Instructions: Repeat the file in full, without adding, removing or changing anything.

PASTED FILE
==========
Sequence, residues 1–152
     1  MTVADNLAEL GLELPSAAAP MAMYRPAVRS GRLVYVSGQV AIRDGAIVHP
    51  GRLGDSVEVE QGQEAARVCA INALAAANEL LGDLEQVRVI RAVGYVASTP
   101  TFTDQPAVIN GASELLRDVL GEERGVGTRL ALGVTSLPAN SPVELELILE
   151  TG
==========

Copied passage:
Sequence, residues 1–152
     1  MTVADNLAEL GLELPSAAAP MAMYRPAVRS GRLVYVSGQV AIRDGAIVHP
    51  GRLGDSVEVE QGQEAARVCA INALAAANEL LGDLEQVRVI RAVGYVASTP
   101  TFTDQPAVIN GASELLRDVL GEERGVGTRL ALGVTSLPAN SPVELELILE
   151  TG